EGU23-11760, updated on 26 Feb 2023
EGU General Assembly 2023
© Author(s) 2023. This work is distributed under
the Creative Commons Attribution 4.0 License.

Oranssi Lumi: Learning through Atmospheric Events

Ana A. Piedehierro1,2, Ines Montalvao2, Ina Fiebig2, Outi Meinander1,2, and Heidi Kouki2
Ana A. Piedehierro et al.
  • 1Finnish Meteorological Institute, Research Coordination, Helsinki, Finland (
  • 2Kone Foundation grant recipient, Helsinki, Finland.

Mineral dust can travel thousands of kilometers up in the atmosphere from the Saharan desert all the way to Finland, landing through snowfall and freezing rain. Inspired by events like the one that occurred in Finland on 23 February 2021 (Meinander et al., 2022), an initiative is being developed to promote knowledge about aerosol science among schoolchildren through activities in the fields of arts and science.

“Learning through atmospheric events: Citizen science and citizen arts educational material”, is the first Finnish Meteorological Institute-led project, funded by the Kone Foundation aiming at bringing science and arts together in the form of educational materials for different educational levels around the topic of desert dust transportation and deposition, connecting to its climate implications.

The project aims are varied and try to respond to scientific and societal questions and needs: 1) to be better prepared for future citizen science campaigns, by disseminating knowledge and clear sample collection guidelines, adapted for different age groups; 2) highlighting the human and artistic aspects of natural processes and events, therefore, connecting with the emotional side of living in a changing world and environment.
By having citizens contribute and helping scientists understand climate change and atmospheric processes, we also aim to engage society in the process of science-making, building trust in scientific institutions, and raising awareness about climate change. 

The focus of this project is on an exploratory approach carried out by a multidisciplinary team from diverse fields and backgrounds. The outcome is Oranssi Lumi (the name deriving from the orange snow phenomenon), an initiative created within the project, in which the core team, in contact with other researchers and educational professionals, ideates and designs informative, inspiring educational materials through a framework of steps. The core team developed the structure, visual identity, and contents of the educational materials in a series of co-creation workshops, with helpful feedback from a group of educators supporting the project. The direct collaboration with education professionals guarantees that the contents and activities are framed within the Finnish educational curriculum for grades 1-9. The materials will contain scientific knowledge and activities connected to artistic and scientific disciplines inspired by the dust transport and deposition phenomenon. The materials will be available in Finnish, Swedish, and English, and suitable to be used in the context of a classroom or other informal learning environments. More information about the initiative can be found through Oranssi Lumi’s communication channels (IG @oranssi_lumi).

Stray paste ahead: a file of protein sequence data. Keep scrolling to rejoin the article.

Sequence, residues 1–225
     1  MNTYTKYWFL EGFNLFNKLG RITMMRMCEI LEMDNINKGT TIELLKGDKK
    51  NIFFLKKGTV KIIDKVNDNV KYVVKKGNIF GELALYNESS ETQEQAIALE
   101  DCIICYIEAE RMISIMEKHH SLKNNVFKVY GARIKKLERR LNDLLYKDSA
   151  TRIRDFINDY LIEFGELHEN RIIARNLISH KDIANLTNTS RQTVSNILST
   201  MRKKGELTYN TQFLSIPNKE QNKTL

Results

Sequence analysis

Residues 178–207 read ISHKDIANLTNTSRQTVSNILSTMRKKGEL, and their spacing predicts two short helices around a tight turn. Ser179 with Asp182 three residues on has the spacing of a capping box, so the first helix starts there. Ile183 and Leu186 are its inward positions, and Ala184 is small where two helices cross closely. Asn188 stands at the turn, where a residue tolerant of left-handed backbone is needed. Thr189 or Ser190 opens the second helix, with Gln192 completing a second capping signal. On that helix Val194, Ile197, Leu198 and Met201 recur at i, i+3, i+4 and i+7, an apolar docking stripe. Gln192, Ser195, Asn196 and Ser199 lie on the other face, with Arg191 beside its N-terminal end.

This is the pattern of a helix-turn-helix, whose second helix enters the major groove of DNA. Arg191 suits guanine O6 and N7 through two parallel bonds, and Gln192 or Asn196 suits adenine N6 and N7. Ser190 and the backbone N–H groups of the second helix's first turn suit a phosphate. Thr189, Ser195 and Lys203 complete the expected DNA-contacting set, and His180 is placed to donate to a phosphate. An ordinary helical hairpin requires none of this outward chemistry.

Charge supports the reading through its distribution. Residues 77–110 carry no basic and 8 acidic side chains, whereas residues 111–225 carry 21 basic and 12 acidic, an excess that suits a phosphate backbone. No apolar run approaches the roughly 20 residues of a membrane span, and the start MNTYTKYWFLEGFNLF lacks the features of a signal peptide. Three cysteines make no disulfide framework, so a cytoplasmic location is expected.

This work was supported by the Kone Foundation through the granted project “Learning through atmospheric events: Citizen science and citizen arts educational material”.

References: Meinander, O. et al. Saharan dust transported and deposited in Finland on 23 February 2021, EGU General Assembly 2022, Vienna, Austria, 23–27 May 2022, EGU22-4818,, 2022.

How to cite: Piedehierro, A. A., Montalvao, I., Fiebig, I., Meinander, O., and Kouki, H.: Oranssi Lumi: Learning through Atmospheric Events, EGU General Assembly 2023, Vienna, Austria, 24–28 Apr 2023, EGU23-11760,, 2023.